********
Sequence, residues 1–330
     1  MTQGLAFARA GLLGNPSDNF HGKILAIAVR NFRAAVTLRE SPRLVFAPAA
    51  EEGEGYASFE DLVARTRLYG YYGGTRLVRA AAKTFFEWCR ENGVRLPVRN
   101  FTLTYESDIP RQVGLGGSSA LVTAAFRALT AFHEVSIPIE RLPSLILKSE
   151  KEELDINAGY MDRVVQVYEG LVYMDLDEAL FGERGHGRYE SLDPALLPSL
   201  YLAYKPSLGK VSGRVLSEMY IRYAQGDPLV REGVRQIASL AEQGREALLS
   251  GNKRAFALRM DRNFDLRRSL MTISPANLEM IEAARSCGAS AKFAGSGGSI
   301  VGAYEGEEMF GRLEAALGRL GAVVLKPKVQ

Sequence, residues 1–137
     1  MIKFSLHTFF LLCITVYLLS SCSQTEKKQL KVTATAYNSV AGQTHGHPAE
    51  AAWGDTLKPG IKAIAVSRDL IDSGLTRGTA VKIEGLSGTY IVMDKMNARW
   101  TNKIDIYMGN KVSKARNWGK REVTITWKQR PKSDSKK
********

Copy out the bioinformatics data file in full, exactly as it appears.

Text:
Sequence, residues 1–330
     1  MTQGLAFARA GLLGNPSDNF HGKILAIAVR NFRAAVTLRE SPRLVFAPAA
    51  EEGEGYASFE DLVARTRLYG YYGGTRLVRA AAKTFFEWCR ENGVRLPVRN
   101  FTLTYESDIP RQVGLGGSSA LVTAAFRALT AFHEVSIPIE RLPSLILKSE
   151  KEELDINAGY MDRVVQVYEG LVYMDLDEAL FGERGHGRYE SLDPALLPSL
   201  YLAYKPSLGK VSGRVLSEMY IRYAQGDPLV REGVRQIASL AEQGREALLS
   251  GNKRAFALRM DRNFDLRRSL MTISPANLEM IEAARSCGAS AKFAGSGGSI
   301  VGAYEGEEMF GRLEAALGRL GAVVLKPKVQ

Sequence, residues 1–137
     1  MIKFSLHTFF LLCITVYLLS SCSQTEKKQL KVTATAYNSV AGQTHGHPAE
    51  AAWGDTLKPG IKAIAVSRDL IDSGLTRGTA VKIEGLSGTY IVMDKMNARW
   101  TNKIDIYMGN KVSKARNWGK REVTITWKQR PKSDSKK